Victim Jimmy Lee Dean says 2nd suspect deserves longer sentence; defendant’s openly gay brother testifies that he isn’t homophobic
JOHN WRIGHT | News Editor
Before they robbed and brutally beat Jimmy Lee Dean in Oak Lawn last July, Jonathan Gunter and Bobby Singleton were drinking heavily and discharging a firearm from their vehicle as they traveled around Dallas, according to witness testimony during Gunter’s trial this week.
Gunter’s openly gay brother, Jeremy Gunter, testified that Jonathan Gunter told him he and Singleton drank about six pitchers of beer between them that night somewhere on Greenville Avenue before traveling to Oak Lawn. They also fired two rounds from a handgun that was later used to pistol-whip Dean.
Gunter’s father, Donald Gunter, testified that he found two spent bullet cartridges and several empty 16-ounce beer cans in his pickup truck when he recovered it from a Dallas police impound lot. Jonathan Gunter had borrowed the truck from his father the night of the crime.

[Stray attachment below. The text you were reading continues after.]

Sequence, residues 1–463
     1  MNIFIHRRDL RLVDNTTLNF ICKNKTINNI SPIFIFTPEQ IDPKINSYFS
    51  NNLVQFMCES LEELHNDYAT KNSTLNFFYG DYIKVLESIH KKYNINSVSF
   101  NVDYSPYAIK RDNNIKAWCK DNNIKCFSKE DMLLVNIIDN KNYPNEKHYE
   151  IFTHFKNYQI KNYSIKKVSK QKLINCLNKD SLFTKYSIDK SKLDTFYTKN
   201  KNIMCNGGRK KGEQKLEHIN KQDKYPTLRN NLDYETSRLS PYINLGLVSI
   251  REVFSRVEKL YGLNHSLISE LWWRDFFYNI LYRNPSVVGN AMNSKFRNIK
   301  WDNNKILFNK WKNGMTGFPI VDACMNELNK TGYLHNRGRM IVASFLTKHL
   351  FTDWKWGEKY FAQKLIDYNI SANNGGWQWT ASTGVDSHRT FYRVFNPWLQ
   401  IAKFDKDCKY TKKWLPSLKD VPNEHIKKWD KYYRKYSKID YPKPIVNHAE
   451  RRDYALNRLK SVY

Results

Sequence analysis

Jonathan Gunter, 32, of Garland, was sentenced to 30 years in prison on Wednesday, March 4 for his role in Dean’s robbery, which was classified by police as an anti-gay hate crime. Gunter was on probation for three felonies at the time of the robbery.
Dean, now 43, who was hospitalized for 10 days after the attack and suffered permanent injuries, said Wednesday he was relieved Gunter had been convicted. Dean added that he hopes Singleton, who’s still awaiting trial, is sentenced to at least a 60 years in prison because he was responsible for inflicting most of the damage.